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Thu Apr 5, 2012, 01:01 PM

Viacom’s Copyright Suit Against Google’s YouTube Reinstated

Source: Bloomberg

Google Inc. (GOOG)’s YouTube video-sharing website must defend itself against claims that it violated Viacom Inc. (VIAB)’s copyrights by letting users post clips from shows including “The Colbert Report” without authorization, an appeals court ruled.

The U.S. Court of Appeals in Manhattan today reversed a lower court’s decision to throw out the case before trial. The lower-court judge had said YouTube was protected from liability because it removed infringing videos when notified.

“A reasonable jury could find that YouTube had actual knowledge or awareness of specific infringing activity on its website,” a two-judge panel said in a 39-page decision.

Viacom sued in 2007, seeking $1 billion in damages and claiming that YouTube users were illegally uploading thousands of videos of Viacom television programs, such as “South Park” and “The Daily Show With Jon Stewart,” and movies from its Paramount Pictures studio.

Read more: http://www.bloomberg.com/news/2012-04-05/google-s-youtube-must-defend-viacom-suit-appeals-court-says-1-.html



Viacom properties (like The Daily Show and Colbert Report) have their own video services online and thus want the traffic.

6 replies, 1520 views

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Arrow 6 replies Author Time Post
Reply Viacom’s Copyright Suit Against Google’s YouTube Reinstated (Original post)
alp227 Apr 2012 OP
Galraedia Apr 2012 #1
MADem Apr 2012 #2
socialindependocrat Apr 2012 #3
alp227 Apr 2012 #5
bl968 Apr 2012 #4
saras Apr 2012 #6

Response to alp227 (Original post)

Thu Apr 5, 2012, 01:11 PM

1. Try posting a video of The Daily Show with Jon Stewart on Youtube...

and watch how quickly it gets taken down.

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Response to alp227 (Original post)

Thu Apr 5, 2012, 02:10 PM

2. Fucking dinks--don't they understand the concept of free advertising?

Why can't they work with--rather than fight with?

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Response to alp227 (Original post)

Thu Apr 5, 2012, 03:53 PM

3. If you write a book and reference someone else's work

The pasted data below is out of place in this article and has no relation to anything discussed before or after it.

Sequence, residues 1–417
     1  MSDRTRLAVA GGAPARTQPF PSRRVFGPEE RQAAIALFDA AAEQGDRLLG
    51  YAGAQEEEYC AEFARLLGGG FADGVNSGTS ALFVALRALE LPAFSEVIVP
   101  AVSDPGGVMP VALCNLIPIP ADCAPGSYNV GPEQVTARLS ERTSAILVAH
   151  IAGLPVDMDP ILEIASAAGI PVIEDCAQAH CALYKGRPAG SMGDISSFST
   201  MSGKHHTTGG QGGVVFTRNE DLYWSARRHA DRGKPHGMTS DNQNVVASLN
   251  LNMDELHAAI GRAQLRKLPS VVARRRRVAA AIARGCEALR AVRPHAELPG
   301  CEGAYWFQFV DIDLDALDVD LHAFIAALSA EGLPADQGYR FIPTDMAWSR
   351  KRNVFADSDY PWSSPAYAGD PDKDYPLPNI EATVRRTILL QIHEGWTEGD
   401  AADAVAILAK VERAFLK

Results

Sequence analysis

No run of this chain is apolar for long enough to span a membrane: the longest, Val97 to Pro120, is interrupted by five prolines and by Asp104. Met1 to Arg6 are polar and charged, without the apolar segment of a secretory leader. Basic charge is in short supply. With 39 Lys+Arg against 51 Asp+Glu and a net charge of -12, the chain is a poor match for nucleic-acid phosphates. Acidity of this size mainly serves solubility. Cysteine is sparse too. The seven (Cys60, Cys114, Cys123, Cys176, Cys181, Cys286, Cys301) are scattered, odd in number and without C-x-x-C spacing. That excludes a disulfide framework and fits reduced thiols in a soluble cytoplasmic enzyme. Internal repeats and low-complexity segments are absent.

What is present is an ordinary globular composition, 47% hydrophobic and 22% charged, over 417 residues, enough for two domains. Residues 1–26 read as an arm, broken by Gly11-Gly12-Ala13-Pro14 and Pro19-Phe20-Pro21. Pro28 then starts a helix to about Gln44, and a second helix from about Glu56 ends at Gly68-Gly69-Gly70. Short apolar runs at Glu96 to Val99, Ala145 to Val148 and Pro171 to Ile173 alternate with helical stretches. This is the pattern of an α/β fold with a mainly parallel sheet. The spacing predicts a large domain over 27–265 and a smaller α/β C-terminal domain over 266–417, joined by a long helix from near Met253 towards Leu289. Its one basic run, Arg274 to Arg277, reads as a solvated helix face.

it's o.k. to use as long as you give credit to the originator.

Why isn't it the same here?

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Response to socialindependocrat (Reply #3)

Thu Apr 5, 2012, 04:36 PM

5. that situation is not comparable,

as those books only use excerpts or paraphrases of other works, as compared with the situation Viacom is angry over, YouTube hosting content that Viacom already hosts thus diverting profit away from Viacom.

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Response to alp227 (Original post)

Thu Apr 5, 2012, 04:22 PM

4. Youtube should make a fair use defense on the behalf of their users

They are ignoring the fact that a short 2-4 minute segment of a 30-60 minute show would likely be considered fair use if reviewed by a judge. This should be one of the defenses that youtube uses.

We are a facilitator of the public right of Fair Use your honor. The individual uploaders videos clips are protected by the very copyright laws that the content industry is trying to turn against us. We take prompt action whenever we receive reports of copyright infringement, however we are not in a position to substitute the wishes of the copyright owners for total control, against the clear right of the Internet users under copyright law to make unauthorized use of their content. Here at Youtube we try to strike the same balance that your honor would face when presented with a case of copyright infringement.

Here is the system we have in place for dealing with reports of copyright abuse... Here are the laws that authorize us to use this system...


That would leave the judge with one choice when Youtube files for summary judgment, "Case dismissed"

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Response to bl968 (Reply #4)

Thu Apr 5, 2012, 08:02 PM

6. Viacom will happily sell you 30-second videos to assert that 30 seconds is too long for fair use

 

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